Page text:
Alison Clement

observations from a novelist who sometimes wants to say something small and see it published immediately

Q: You once worked as a waitress, as did June in your latest novel, Twenty Questions. What anecdotes about your restaurant days can you share with readers?

Don’t get me started on waitress stories! Restaurants, as June says, are passionate places, full of unpredictability and eccentricity. And they are full of stories. I’ll just tell you one. . . .

One night when I was working I had a customer who was eating alone, a handsome fellow, and, as he ate his meal — a good meal: grilled salmon and wine — he was writing on a pad of paper. I always wanted to know what my customers were up to, and pretty soon I could see that, among other things, he’d written the name of a friend of mine. I had to admit to him that I was a nosey waitress, and I asked why he’d written my friend’s name. The customer was Kevin Krajick, a writer, and he’d come here to the Oregon coast from New York to work on an article about the forest. He was looking for a man named Chuck Willer, because he hoped to interview him. Chuck was an environmentalist. “Oh,” I told him, “I can get you an interview with Chuck. He’s my husband.”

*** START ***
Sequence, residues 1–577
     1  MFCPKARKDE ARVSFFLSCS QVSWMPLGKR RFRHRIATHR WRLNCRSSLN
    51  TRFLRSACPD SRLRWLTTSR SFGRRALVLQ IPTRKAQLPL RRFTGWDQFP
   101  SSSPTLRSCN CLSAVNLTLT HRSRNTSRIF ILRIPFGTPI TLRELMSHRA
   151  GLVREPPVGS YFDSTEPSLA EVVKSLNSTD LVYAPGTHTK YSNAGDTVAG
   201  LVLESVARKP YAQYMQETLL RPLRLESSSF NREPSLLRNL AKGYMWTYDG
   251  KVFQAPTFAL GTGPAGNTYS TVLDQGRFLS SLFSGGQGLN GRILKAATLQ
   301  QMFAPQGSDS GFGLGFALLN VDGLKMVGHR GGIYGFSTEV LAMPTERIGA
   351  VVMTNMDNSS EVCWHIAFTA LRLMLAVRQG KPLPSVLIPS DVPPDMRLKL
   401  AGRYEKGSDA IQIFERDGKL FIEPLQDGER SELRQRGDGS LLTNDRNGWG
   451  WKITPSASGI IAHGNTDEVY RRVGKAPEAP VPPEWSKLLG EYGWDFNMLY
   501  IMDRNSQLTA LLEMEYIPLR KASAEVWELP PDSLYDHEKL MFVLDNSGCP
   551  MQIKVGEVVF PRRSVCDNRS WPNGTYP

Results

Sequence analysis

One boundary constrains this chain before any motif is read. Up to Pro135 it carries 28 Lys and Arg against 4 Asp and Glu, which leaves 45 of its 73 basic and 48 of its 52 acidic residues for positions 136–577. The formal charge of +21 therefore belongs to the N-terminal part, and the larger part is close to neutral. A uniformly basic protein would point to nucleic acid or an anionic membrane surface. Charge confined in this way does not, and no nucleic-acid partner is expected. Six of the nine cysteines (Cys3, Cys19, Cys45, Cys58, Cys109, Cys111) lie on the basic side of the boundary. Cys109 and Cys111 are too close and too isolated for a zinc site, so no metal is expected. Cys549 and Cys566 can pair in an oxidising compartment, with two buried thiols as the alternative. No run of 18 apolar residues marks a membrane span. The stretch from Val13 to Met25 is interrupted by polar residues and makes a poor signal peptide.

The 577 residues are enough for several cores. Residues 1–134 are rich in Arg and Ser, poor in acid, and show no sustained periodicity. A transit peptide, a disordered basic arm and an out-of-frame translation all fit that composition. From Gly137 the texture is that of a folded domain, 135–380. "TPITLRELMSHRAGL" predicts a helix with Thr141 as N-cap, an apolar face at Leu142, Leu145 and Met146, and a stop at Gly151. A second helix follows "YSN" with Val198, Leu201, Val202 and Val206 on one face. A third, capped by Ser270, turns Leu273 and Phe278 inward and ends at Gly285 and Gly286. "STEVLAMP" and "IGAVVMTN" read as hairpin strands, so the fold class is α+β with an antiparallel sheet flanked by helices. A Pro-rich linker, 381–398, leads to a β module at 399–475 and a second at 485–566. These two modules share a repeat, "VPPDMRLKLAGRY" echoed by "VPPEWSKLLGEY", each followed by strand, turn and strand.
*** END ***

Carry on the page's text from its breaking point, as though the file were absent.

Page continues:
Categories: Uncategorized

4 replies

  1. >Hi Alison! I hope you find this. Waitress stories….. My most embarassing moments came as a waitress. Once I dived into a man’s crotch to retrieve the dollar tip he dropped into his lap. That was a big tip in 1975. What a look of surprise on his face! Then there was the time someone found my fingernail at the bottom of their malted milk glass. I didn’t charge him for the malt. Love, Laura

  2. >I have a friend who was eating at a fancy restaurant on the coast and found a used bandaid in her clam chowder.Yikes.

  3. >ps how did you know it was your fingernail?

  4. >Oh, also– I once opened a container of yogurt and found a pubic hair. When I wrote to the company about it, they sent me a tshirt.

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